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November 30, 2013

Wolverines come up one play shy

One play. One well executed rub route from three yards out, and Michigan would have been the talk of the college football world on Thanksgiving weekend.

In the end, No. 3 Ohio State came away thankful, relieved and breathing once more after cornerback Tyvis Powell stepped in front of Michigan's two-point conversion attempt and picked it off in the final minute. That interception, after the Wolverines rallied from two touchdowns behind to claw within an extra point of a tie, preserved a wild classic for the Buckeyes, 42-41.

Devin Gardner (32 of 45, 451 yards passing, four touchdowns) drove the Wolverines 84 yards for a TD with just 32 seconds to play. After he floated a two-yard touchdown pass to Devin Funchess, overtime looked inevitable.

Instead, U-M head coach Brady Hoke chose to try and win the game on a single snap. Michigan hearts everywhere snapped in half, when a pressured Gardner couldn't connect on the throw.

"We play the game to win," Hoke assured, regarding going for the win sans overtime. "I thought about it and we did it."

Ohio State's overwhelming rushing attack probably had something to do with the decision to avoid overtime as well. Quarterback Braxton Miller connected on just six passes all afternoon (6-for-16, 133 yards, two TDs), but he ran away from the Wolverines for 153 yards and three TDs on 16 carries.

Meanwhile, tailback Carlos Hyde provided the wrecking ball to Miller's Ferrari, carrying 27 times for 226 yards and a touchdown.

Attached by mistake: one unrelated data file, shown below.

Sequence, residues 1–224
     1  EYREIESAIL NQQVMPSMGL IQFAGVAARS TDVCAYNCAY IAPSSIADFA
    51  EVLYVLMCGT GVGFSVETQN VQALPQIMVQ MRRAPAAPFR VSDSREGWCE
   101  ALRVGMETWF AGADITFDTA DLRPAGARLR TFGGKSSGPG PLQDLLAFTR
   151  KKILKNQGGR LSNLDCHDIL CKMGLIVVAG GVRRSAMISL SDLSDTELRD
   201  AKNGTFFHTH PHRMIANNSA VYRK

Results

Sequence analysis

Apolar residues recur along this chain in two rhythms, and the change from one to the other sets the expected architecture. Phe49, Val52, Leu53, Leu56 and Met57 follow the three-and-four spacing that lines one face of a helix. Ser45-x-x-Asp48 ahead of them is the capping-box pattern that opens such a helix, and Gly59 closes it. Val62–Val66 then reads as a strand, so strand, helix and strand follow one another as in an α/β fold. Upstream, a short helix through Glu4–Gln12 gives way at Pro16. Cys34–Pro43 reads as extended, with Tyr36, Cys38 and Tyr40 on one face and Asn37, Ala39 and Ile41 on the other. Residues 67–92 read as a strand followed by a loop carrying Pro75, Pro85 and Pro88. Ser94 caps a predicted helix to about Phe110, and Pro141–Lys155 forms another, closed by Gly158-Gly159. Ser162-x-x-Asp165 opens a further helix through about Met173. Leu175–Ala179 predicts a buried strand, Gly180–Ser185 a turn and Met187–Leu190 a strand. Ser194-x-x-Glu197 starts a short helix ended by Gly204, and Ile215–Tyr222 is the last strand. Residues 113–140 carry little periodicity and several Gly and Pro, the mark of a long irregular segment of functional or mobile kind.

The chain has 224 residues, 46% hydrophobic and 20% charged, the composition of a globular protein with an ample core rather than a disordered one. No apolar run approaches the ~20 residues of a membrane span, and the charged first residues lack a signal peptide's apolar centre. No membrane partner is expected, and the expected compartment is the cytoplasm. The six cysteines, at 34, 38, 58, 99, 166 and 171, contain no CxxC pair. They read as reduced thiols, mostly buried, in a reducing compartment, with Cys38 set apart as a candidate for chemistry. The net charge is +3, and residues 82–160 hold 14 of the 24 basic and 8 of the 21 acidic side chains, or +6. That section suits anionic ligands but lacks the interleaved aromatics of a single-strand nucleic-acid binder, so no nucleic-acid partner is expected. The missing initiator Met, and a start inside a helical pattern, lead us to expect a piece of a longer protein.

That's how the Wolverines - despite a jaw-dropping 603 yards of offense and 41 points on the board - couldn't quite overcome their greatest anger-engendering nemesis.

"It's not very good. It's not," Hoke said of Michigan's gashed run defense. "You've got to give them some credit, give their offensive line some credit. At the same time we've got to do a much better job getting off blocks."

The Wolverines (7-5, 3-5) got out of the blocks and led throughout a wild first half, only to see OSU (11-0, 8-0) score late to tie the game at 21. The Buckeyes then raced to a 35-21 lead, before Michigan rallied to tie it, and rallied again to come within nine feet of an almost unthinkable win after a draining November nosedive.

"We knew we were going to take it to the fourth quarter," fifth-year senior captain Taylor Lewan said. "We were ready to fight. Everyone was fighting for each other."

U-M fought back even after the Buckeyes shredded Michigan's defense on their final 65-yard touchdown drive, never putting the ball in the air. Miller scrambled out for 32 yards to set the table, and Hyde took it from there, crashing in from a yard out.

The Wolverines had 2:20 to score, and did, Gardner connecting on seven throws for 91 yards in the final march. It all fell just one play shy.

"I threw an interception to lose the game," Gardner said, dejectedly. "There's not much more I can say."

There was, of course, plenty more to say about his effort, and that of a resurrected U-M offense.

Michigan started the game by sending a shockwave of life through a home crowd over-infiltrated with OSU fans. Gardner drove U-M 99 yards on U-M's first possession, flipping a screen pass to Jeremy Gallon (nine catches, 175 yards, one TD), who flew through blocks and into a sprint down the western sideline. Some 84 yards later, OSU's Bradley Roby caught Gallon from behind, but not until he'd reached OSU's 2.

Two plays later, Gardner swept around left end from one yard out, putting the Wolverines up 7-0 and throwing the 113,511 on hand into a frenzy.

"I played with a chip my shoulder," Gallon said of his effort. "I left everything on the field. It was emotional for me, just like everyone else."